Cycling in Lima is not for the fainthearted. The traffic in the city can be extremely overwhelming and dangerous, even for the most experienced bikers. However, during recent years Lima has become a friendlier city for cycling, and if you have the right equipment and know which routes to take,and this means that riding a bike to commute to work or discover the city is now a possibility.

There is a nascent network of cycle paths in Lima.

Main Cycling Routes

Many people ride their bikes on the streets, along with cars, buses and micros, but there are some cycling crossings along the city which are safe and which will help you go from one point of the city to another faster:

  • Arequipa Ave. (Lima, Lince, San Isidro, Miraflores)
  • Salaverry Ave. (Jesús María, Lince, San Isidro)
  • The long malecón on top of the cliffs from Barranco through Miraflores and all the way to San Isidro.
  • San Borja Norte Ave. (San Borja)
  • Campo de Marte (Jesús María)
  • Mariategui Ave. (Jesús María)
  • Huaylas Ave. (Chorrillos)
  • Ferrero Ave. (La Molina)
  • Colonial Ave. (Lima, Callao)
  • Universitaria Ave. (San Miguel, Pueblo Libre, Lima, San Martín de Porres, Los Olivos)
Sharing the Road.

Safety

Having the right equipment and taking the necessary precautions is key in order to successfully ride your bike around Lima without any major incidents. Here are some tips:

  • Always wear a helmet.
  • Wear bright colored clothing and light on up after dark.
  • Always lock your bike, and do not trust it overnight in an unsupervised location.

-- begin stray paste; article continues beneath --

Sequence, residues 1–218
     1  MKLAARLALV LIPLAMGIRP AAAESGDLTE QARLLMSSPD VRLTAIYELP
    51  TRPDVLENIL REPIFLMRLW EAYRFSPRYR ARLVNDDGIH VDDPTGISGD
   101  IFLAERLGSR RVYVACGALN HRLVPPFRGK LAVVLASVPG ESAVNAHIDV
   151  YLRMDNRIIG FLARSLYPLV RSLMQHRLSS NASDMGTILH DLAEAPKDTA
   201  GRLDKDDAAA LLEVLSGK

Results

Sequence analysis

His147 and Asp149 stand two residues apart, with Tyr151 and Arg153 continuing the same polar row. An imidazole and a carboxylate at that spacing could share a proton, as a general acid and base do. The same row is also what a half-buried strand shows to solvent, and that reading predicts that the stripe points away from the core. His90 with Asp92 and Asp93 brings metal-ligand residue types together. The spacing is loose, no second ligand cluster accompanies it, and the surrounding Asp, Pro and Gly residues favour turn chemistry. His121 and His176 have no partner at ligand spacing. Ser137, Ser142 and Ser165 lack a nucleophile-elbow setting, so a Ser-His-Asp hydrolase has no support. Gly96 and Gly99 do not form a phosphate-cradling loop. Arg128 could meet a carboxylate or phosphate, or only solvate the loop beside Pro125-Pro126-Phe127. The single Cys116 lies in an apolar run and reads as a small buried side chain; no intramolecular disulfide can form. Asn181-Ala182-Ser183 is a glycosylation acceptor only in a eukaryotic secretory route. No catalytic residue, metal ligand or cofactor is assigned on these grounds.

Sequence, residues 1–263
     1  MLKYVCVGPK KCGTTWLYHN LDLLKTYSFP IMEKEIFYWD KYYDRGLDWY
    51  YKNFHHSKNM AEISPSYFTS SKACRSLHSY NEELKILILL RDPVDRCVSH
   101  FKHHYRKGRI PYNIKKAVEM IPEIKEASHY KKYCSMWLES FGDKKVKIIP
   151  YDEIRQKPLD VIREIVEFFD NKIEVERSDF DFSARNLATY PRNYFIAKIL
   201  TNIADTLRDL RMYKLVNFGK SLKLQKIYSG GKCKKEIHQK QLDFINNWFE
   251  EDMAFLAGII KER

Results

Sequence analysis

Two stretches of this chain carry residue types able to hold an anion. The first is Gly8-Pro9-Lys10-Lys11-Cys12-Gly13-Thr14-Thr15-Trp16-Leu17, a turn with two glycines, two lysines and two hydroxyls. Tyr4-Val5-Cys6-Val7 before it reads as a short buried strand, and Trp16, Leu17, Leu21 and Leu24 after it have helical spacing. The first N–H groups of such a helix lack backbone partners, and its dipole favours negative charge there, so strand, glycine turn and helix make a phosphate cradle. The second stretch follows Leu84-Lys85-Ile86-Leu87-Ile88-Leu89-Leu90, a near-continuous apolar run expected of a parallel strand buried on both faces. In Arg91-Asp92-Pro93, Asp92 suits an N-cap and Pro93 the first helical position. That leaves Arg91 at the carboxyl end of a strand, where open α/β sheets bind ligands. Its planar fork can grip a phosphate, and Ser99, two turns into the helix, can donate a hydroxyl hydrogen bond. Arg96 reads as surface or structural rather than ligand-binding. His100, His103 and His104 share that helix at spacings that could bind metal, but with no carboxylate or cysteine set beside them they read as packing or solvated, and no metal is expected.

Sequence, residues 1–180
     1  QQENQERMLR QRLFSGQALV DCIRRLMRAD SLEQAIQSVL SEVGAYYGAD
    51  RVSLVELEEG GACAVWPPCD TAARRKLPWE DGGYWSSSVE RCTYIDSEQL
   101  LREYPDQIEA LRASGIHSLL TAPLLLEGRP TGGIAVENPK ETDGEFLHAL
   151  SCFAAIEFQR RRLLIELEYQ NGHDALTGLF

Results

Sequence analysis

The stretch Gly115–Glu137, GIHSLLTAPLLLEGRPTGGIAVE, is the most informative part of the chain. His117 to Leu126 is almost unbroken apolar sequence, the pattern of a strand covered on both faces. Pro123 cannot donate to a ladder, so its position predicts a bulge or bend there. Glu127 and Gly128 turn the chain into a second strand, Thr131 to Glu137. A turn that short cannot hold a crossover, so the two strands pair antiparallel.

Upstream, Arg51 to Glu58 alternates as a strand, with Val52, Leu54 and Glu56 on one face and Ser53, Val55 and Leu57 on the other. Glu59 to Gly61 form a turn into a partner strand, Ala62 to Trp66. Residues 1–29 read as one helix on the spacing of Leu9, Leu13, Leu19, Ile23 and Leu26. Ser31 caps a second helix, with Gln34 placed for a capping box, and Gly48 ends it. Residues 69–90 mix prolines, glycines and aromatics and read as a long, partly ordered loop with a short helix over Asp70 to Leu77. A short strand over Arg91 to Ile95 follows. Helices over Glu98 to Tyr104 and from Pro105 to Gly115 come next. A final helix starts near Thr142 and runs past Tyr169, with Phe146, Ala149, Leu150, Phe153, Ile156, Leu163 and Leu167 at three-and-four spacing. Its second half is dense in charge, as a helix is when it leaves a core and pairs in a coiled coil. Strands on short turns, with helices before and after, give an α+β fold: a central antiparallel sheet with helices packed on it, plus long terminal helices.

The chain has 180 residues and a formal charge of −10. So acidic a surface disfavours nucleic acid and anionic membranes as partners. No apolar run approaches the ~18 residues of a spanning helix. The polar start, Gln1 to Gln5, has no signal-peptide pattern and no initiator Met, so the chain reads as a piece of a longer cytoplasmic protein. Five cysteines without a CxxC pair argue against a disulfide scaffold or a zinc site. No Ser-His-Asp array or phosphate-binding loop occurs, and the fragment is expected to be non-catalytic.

• If possible, do not leave your bike alone locked in the street, thieves use heavy duty chain cutters to break any type of lock.
  • Legally speaking, you can ride on the sidewalk, but with right of way to pedestrians.
  • Avoid cutting through dangerous areas. You might think you are safe, but its not hard to knock someone off a bike now, is it?
  • Highways like Panamericana have a side emergency help track, wide enough and relatively safe for cycling if you are an experienced biker. Even so, when bike riding groups take to the Pan American, they still often contract a pacer car as a caboose to secure their back.  The Central highway (which heads east from Lima into the mountains) often does not have much of a shoulder, is full or trucks and busses, and the pavement is in bad shape in many places. Avoid this highway at all costs, at least close to Lima. No joke… it is a complete nightmare!

We’d like to hear from the cyclists on this page. What advice would you give to others in terms of locations, equipment, and safety? Share your experience on our forum topic: Cycling in Peru